Bush supports more time for immigrants to apply for visas
WASHINGTON (AP) – Illegal immigrants who missed the deadline to apply for visas to stay in the country may get another chance.
President Bush sent a letter to congressional leaders urging them to extend the deadline, which was midnight Monday.
”I am a strong proponent of government policies that recognize the importance of families and that help strengthen them,” Bush said in his letter. ”I believe our immigration policies should reflect that policy.”
The announcement, applauded by immigrant groups, came a day after illegal immigrants flocked to Immigration and Naturalization Service offices to beat the deadline.
”Wow,” said Angie Kelley, a National Immigration Forum spokeswoman. ”It’s a very positive thing coming from the administration. Now what we need is quick action from the House and Senate. The president has opened the door and now we need Congress to step through to make it a reality.”
However, Rep. Silvestre Reyes, Hispanic Congressional Caucus chairman, said Bush’s pronouncement should have come sooner. The Texas Democrat said caucus members raised the issue with Bush during their early April meeting with him.
”The timing of this whole thing is very curious. You don’t allow something to lapse and say, ‘Hey, by the way, I agree they ought to have more time,”’ said Reyes, a former Border Patrol chief.
The Legal Immigration and Family Equity Act that took effect in December allowed an estimated 640,000 illegal immigrants to apply for visas without first returning to their home countries and applying from there. That is significant because most illegal immigrants are barred from re-entering the United States once they leave.
A visa allows an immigrant to stay in the country and reserves a place to later apply for a green card, which means permanent legal residency.
To apply for visas, immigrants had to be sponsored and have a close relative who is a U.S. citizen or permanent resident. They also had to pay $225 in application and fingerprinting fees and a $1,000 fine for entering the country illegally. They also must have been in the United States on Dec. 21, 2000.
Marriage to a U.S. citizen was the quickest way to legal status for many, and the number of weddings surged in many areas after the immigration law took effect.
Those who applied by Monday remain illegal until they are granted a visa, which can take two to 20 years. Their application does not give them protection from deportation or allow them to work.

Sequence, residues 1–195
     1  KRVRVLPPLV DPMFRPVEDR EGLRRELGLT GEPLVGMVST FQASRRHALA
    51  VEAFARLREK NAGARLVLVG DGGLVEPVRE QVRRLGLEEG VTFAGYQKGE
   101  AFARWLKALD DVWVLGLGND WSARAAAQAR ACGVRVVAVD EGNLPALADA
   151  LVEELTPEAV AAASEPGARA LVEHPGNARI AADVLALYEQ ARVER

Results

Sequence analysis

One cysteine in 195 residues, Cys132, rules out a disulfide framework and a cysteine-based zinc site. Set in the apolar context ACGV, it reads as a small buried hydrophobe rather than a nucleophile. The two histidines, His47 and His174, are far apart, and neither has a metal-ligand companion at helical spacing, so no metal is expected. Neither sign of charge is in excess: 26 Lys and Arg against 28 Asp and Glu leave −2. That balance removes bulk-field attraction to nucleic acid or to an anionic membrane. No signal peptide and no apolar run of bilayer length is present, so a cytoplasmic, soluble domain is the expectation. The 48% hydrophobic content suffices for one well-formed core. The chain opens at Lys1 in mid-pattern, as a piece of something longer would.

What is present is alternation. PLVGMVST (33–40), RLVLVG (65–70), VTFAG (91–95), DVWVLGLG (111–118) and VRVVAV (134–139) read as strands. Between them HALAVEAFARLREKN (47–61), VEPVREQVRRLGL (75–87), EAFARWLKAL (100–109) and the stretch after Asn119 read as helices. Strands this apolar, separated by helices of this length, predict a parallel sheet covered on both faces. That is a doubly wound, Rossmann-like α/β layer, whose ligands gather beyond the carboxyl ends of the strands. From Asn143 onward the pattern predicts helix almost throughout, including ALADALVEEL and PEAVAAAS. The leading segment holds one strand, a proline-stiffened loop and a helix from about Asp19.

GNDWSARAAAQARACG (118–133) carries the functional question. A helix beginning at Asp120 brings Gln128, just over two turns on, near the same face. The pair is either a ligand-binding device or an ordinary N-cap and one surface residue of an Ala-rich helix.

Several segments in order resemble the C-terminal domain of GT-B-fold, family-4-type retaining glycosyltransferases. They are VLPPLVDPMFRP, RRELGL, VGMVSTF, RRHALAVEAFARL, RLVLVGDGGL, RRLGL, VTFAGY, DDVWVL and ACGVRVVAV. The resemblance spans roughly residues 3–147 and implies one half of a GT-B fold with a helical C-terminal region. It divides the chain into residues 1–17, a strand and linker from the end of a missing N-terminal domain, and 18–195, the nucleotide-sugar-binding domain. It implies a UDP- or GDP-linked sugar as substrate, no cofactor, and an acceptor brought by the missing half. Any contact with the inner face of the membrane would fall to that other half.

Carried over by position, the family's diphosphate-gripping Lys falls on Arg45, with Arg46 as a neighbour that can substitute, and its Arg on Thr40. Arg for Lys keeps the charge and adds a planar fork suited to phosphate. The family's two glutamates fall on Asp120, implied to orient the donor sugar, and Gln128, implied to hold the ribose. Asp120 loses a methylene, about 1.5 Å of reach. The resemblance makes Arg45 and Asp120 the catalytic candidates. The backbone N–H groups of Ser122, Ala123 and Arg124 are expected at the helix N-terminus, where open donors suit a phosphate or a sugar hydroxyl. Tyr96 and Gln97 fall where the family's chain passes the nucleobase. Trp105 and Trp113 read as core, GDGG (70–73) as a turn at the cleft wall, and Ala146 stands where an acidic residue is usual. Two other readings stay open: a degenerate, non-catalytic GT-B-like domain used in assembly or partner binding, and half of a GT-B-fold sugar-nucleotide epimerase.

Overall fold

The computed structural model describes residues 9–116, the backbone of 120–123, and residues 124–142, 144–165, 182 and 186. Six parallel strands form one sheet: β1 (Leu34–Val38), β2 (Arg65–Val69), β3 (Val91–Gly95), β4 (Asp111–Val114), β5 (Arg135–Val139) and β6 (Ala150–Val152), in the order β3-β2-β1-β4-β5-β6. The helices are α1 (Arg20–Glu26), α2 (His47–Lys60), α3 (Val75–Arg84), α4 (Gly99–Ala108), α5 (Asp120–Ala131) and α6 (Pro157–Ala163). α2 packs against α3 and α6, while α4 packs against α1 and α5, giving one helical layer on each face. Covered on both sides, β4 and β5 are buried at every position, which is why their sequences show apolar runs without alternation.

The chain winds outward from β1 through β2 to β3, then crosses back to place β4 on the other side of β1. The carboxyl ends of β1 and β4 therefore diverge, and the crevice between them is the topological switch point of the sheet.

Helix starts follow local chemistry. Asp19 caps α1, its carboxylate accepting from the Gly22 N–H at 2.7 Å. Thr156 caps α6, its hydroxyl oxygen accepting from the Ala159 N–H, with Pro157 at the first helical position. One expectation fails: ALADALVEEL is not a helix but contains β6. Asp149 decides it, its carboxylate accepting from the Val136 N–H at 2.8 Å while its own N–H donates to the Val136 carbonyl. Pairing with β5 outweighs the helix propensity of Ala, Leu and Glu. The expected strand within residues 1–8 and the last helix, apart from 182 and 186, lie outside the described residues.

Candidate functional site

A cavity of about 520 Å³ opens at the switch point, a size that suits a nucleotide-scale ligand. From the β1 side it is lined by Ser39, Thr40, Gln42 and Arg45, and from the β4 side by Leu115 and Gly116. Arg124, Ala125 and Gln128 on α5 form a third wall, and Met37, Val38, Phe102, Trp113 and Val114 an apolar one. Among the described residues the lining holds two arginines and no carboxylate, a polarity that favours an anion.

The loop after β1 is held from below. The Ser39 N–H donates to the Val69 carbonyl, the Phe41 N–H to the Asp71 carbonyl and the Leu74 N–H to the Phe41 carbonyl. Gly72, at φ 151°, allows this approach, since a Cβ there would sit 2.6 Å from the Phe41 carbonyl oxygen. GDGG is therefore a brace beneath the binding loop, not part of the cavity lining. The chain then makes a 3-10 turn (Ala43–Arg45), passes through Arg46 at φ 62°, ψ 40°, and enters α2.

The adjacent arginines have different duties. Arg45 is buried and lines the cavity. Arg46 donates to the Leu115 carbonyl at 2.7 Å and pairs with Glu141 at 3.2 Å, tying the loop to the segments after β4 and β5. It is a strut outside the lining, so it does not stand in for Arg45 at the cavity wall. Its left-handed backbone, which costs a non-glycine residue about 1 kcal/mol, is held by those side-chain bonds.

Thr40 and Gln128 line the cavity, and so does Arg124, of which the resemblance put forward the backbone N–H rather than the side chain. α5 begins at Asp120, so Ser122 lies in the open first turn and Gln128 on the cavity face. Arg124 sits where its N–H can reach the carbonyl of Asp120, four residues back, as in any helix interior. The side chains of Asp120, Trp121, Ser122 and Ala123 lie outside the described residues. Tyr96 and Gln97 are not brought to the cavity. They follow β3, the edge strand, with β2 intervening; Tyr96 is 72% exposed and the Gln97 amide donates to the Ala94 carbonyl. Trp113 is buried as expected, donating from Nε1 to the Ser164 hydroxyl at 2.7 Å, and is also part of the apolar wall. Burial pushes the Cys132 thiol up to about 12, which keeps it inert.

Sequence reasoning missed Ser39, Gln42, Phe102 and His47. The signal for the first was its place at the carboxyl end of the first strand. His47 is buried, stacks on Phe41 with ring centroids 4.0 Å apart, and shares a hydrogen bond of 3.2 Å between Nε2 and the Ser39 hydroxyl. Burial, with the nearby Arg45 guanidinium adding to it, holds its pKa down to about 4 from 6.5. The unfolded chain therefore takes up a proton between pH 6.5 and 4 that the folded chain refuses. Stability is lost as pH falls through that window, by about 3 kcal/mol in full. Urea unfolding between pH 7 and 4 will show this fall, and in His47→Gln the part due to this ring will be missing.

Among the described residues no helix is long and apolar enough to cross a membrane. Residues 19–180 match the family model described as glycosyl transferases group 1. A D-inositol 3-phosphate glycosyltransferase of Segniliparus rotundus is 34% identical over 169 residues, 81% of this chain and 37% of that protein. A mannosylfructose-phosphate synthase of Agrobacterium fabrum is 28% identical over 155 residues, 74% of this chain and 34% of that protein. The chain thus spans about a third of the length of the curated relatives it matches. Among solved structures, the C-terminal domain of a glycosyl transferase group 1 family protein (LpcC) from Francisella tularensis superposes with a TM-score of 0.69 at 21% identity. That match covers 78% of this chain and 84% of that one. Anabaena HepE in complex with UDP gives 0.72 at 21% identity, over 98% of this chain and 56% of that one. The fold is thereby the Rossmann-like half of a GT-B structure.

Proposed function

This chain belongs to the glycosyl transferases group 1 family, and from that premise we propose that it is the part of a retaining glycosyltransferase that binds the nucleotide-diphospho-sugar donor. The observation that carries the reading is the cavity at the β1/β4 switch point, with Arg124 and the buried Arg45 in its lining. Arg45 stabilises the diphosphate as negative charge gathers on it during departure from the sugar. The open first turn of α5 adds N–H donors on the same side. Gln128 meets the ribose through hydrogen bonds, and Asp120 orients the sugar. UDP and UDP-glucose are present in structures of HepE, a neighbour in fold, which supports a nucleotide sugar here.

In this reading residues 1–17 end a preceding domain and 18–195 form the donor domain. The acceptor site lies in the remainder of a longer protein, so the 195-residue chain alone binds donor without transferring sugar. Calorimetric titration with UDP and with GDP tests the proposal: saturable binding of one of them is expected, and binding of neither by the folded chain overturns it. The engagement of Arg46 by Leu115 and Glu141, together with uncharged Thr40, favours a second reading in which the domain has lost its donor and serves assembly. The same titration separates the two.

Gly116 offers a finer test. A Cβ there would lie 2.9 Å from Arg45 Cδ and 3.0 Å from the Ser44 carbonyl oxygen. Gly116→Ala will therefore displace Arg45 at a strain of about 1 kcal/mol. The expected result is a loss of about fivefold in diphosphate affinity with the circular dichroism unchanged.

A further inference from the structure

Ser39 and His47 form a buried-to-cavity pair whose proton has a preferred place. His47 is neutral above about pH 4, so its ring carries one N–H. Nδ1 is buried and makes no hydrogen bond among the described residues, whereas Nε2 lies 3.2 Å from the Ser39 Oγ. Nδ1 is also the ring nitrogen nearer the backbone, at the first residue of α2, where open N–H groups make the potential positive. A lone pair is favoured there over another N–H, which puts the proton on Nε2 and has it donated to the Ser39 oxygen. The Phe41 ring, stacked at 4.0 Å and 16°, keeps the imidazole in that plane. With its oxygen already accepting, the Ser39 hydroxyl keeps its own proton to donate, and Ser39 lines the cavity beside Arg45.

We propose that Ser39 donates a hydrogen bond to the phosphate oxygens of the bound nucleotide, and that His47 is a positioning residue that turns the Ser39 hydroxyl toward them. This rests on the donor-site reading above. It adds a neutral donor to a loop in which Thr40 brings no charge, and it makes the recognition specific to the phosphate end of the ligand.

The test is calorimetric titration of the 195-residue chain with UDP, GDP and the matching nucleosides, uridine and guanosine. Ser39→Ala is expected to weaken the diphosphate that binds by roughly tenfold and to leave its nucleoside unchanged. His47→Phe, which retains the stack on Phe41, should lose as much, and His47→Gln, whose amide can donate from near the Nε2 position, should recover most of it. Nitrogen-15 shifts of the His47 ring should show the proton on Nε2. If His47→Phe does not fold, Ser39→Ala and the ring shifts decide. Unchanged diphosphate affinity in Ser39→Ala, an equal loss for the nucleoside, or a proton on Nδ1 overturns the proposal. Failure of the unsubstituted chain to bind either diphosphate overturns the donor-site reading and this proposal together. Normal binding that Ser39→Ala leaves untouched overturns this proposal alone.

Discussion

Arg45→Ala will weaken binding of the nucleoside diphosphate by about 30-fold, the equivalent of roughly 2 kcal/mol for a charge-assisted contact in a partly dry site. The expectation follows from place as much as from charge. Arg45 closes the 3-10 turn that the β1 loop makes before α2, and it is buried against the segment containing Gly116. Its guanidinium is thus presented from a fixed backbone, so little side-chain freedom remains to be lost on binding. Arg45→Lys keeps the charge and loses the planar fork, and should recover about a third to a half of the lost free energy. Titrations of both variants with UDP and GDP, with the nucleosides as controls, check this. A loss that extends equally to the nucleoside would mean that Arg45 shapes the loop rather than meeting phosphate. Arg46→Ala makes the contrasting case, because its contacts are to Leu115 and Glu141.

But INS will not use the applications to detain and deport illegal immigrants, said INS spokesman Bill Strassberger.
”We will not be moving against these people, but they are still illegally in the U.S. they would be subject to removal if encountered during an enforcement operation, such as a work site inspection,” Strassberger said.
Rep. Peter King, R-N.Y., who has been pushing for a deadline extension, said he was pleased with Bush’s support. He and Rep. Charles Rangel, D-N.Y., had sent Bush a letter signed by 38 lawmakers requesting an extension.
”Immigrants are the lifeblood of America,” King said. ”Technicalities should not prevent them from losing out on citizenship.”
King is sponsoring a bill to extend the deadline by six months, while Rangel’s would extend it a year. Rep. Luis Gutierrez, D-Ill., wants to permanently offer the amnesty. Sen. Chuck Hagel, R-Neb., also is sponsoring a one-year extension measure.
Fleischer said Bush would work with congressional leaders to determine how long the extension should be. The White House estimated an extension would affect about 200,000 people.
Rep. George Gekas, R-Pa., the House Judiciary Committee’s immigration subcommittee chairman, said that although he was satisfied with the four-month application period, he could support an extension to accommodate applicants who didn’t meet the deadline.
On the Net:
Immigration and Naturalization Service: http://www.ins.usdoj.gov
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